Dave Black responded to my previous post on the United Methodist Church by referring to some thoughts he has had on his own denomination. I want to quote them here, since Dave’s blog doesn’t make linking to a particular entry possible.
7:55 AM Noted Methodist blogger Henry Neufeld ponders the question, How to cure the UMC? He asks:
How much time needs to go into preserving the organization? Is such time well spent? Those are questions that concern me these days.
For what it’s worth, Henry, I once pondered a similar question regarding my own denomination. The bottom of the bottom line for me?
I came away from the convention with a new realization that a Great Commission resurgence will not begin at the denominational level. It will end there. A Great Commission commitment must begin in our homes and marriages, and then in our local churches, each one of them. This is clearly the pattern of the book of Acts. The church at Antioch, the world’s first missional church, is proof of that.
I hope that all of this gets sorted out at the denomination level (and I predict that it will, eventually). But even if it doesn’t, there is nothing to keep me and my local church from doing all we can to help advance God’s kingdom on earth. (From Dave Black Online)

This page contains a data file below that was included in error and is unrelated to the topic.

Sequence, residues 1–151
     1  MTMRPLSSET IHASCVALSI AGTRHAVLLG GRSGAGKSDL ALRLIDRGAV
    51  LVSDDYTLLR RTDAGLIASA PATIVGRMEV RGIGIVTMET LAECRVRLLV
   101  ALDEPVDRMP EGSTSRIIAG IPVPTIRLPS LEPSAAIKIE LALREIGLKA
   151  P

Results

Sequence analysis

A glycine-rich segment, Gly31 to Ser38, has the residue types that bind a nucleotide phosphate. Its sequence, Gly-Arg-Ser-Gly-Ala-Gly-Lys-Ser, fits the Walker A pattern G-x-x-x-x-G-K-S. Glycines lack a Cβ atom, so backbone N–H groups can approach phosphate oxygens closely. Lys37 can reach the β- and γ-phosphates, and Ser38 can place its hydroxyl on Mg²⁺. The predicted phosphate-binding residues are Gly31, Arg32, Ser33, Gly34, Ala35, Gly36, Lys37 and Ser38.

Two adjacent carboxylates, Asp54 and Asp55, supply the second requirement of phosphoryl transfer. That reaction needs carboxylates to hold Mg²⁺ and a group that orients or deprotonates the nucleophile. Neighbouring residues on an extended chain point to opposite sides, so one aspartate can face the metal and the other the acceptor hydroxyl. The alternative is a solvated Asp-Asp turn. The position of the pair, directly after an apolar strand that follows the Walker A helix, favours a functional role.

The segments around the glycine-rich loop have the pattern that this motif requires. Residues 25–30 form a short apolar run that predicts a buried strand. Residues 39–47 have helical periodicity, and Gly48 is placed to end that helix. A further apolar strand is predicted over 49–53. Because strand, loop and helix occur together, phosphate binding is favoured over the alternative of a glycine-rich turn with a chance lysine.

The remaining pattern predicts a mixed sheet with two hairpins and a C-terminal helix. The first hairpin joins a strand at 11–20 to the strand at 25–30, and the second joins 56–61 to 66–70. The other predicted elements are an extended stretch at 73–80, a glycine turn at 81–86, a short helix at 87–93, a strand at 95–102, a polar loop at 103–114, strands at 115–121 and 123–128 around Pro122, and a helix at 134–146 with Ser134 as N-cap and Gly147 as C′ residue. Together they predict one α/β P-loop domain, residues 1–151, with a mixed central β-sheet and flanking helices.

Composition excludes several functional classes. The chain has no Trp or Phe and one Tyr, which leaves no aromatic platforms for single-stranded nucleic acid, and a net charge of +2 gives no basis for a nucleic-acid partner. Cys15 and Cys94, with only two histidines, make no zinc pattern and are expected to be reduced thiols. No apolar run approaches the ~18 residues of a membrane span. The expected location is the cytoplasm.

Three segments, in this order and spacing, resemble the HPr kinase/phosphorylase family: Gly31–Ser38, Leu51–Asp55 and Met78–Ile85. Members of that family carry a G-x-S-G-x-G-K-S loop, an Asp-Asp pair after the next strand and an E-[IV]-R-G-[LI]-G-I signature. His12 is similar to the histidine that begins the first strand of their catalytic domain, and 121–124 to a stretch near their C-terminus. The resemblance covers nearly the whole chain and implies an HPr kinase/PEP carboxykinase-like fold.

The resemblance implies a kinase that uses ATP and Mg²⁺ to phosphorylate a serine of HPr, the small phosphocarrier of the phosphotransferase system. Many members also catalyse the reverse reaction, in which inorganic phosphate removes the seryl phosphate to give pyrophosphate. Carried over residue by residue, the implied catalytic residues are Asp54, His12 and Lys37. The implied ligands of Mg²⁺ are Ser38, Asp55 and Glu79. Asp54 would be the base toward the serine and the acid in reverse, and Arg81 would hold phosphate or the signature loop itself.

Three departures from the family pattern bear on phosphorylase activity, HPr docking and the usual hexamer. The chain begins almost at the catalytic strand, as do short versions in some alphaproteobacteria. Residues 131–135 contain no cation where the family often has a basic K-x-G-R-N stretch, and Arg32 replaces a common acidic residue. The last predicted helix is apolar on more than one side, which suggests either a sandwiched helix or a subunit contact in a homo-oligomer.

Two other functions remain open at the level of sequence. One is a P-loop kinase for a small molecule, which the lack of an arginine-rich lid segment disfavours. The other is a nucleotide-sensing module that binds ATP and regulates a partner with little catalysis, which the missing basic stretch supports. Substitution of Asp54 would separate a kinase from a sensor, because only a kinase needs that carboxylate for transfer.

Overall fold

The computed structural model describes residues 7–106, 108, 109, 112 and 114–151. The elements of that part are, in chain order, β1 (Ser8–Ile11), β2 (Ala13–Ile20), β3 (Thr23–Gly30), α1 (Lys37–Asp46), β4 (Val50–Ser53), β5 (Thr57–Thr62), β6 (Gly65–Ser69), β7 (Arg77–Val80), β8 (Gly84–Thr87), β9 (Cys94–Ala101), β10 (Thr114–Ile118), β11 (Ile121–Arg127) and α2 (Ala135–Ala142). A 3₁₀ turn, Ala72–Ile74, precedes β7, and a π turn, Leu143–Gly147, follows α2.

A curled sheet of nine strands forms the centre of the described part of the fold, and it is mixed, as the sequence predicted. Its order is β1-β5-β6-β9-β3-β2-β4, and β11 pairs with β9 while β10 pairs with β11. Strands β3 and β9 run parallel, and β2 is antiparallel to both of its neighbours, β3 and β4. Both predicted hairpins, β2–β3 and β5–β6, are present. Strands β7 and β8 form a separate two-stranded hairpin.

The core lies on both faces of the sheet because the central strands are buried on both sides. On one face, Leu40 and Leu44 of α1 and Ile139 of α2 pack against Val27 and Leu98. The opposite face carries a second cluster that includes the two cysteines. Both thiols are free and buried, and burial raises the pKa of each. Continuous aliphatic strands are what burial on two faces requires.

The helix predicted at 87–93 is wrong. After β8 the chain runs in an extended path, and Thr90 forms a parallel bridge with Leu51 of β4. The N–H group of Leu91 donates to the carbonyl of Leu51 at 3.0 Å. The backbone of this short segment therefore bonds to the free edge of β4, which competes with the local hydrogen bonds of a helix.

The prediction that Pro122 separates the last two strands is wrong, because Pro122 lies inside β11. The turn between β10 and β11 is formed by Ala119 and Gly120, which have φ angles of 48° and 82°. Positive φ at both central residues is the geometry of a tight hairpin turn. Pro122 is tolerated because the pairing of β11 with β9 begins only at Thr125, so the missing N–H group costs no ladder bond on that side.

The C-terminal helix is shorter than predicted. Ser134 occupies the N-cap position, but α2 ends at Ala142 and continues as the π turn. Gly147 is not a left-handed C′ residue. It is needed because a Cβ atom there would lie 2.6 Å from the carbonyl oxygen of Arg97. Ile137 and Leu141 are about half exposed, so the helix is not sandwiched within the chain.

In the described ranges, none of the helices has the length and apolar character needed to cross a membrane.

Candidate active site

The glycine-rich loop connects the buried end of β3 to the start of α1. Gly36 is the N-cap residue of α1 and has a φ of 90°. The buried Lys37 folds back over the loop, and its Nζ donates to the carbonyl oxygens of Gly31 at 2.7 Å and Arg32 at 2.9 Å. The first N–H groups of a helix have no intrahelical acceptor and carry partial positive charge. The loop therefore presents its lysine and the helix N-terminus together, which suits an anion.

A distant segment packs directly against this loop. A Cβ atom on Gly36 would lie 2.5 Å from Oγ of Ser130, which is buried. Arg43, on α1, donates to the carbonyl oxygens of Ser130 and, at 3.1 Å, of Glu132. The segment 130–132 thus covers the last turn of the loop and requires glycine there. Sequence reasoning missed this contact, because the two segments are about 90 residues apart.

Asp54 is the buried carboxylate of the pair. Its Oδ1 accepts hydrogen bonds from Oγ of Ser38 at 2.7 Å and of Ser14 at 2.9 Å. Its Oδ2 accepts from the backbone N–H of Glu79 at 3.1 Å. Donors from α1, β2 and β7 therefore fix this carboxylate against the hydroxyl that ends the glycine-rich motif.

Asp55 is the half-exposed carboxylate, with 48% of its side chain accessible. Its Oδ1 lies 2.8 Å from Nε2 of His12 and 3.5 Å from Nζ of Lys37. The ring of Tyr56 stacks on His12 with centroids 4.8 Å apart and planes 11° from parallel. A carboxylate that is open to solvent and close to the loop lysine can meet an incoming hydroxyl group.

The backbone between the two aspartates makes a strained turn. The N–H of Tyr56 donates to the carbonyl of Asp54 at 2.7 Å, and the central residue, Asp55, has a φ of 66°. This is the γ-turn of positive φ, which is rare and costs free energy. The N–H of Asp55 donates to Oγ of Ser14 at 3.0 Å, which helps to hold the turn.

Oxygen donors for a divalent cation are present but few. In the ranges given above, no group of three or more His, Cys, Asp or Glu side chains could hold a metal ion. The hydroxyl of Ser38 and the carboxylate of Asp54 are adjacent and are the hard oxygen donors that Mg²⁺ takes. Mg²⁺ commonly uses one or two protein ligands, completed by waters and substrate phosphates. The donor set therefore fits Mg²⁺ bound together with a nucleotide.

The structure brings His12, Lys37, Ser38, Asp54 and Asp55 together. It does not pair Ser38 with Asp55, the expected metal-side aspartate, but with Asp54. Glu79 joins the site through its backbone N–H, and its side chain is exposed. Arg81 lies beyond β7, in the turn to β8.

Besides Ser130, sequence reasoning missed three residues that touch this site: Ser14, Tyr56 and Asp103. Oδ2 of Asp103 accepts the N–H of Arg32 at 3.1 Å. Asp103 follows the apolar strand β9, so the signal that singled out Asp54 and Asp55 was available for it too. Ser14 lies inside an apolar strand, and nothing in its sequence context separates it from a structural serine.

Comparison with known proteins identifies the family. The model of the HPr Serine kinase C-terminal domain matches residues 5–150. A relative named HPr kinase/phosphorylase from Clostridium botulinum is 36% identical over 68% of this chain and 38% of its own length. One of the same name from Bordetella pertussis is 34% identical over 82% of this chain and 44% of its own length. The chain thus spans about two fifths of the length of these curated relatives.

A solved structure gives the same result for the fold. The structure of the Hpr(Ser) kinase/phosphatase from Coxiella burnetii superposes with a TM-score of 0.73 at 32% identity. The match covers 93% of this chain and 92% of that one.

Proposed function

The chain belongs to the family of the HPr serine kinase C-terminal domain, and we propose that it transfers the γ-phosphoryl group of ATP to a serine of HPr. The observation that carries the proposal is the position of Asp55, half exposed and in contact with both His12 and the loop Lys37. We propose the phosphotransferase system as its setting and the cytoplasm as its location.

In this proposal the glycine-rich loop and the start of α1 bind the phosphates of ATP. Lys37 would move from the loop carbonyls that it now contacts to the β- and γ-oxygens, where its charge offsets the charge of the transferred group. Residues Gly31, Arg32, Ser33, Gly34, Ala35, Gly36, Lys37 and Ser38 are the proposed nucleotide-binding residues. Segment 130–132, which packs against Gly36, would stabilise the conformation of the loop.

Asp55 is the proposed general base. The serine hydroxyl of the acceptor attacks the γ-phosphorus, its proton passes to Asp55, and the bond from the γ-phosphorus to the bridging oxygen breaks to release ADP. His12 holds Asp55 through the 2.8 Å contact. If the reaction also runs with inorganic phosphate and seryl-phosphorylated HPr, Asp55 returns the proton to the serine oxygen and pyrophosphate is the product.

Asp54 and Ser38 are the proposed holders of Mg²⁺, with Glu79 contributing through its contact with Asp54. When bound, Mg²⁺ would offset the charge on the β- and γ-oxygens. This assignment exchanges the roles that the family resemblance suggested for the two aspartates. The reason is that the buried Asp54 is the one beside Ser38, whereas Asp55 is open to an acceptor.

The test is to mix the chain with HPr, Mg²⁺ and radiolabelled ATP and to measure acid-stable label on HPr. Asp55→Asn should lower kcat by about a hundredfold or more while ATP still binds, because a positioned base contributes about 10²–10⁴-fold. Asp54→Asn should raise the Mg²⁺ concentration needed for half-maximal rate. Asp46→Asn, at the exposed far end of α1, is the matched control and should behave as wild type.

I have found that the concerns of people who are seeking to be servants and missionaries in different denominations are remarkably similar. We have some doctrinal differences, but we struggle with issues of getting the church active. I believe that if we get people studying the Bible, praying, and seeking the unity of the Spirit, doctrinal differences will tend to fade to the background. They’ll either be found to be non-essential or we’ll discover where we each need to change. I think we can be very patient with “erring brethren.” After all, we are ourselves erring brethren, almost by definition!
What I must keep in focus is simply this: God hasn’t called me to solve all the problems of the church. He hasn’t called me to make sure everyone else is fulfilling the great commission. He has called me to be transformed by looking to Him, and to fulfil my call to service.
I don’t mean that I can “be the church” alone. Rather, I can do a much better job of being part of the body if I’m spending more time correcting my own manifold flaws than I spend trying to correct those of others. Much more time, in fact!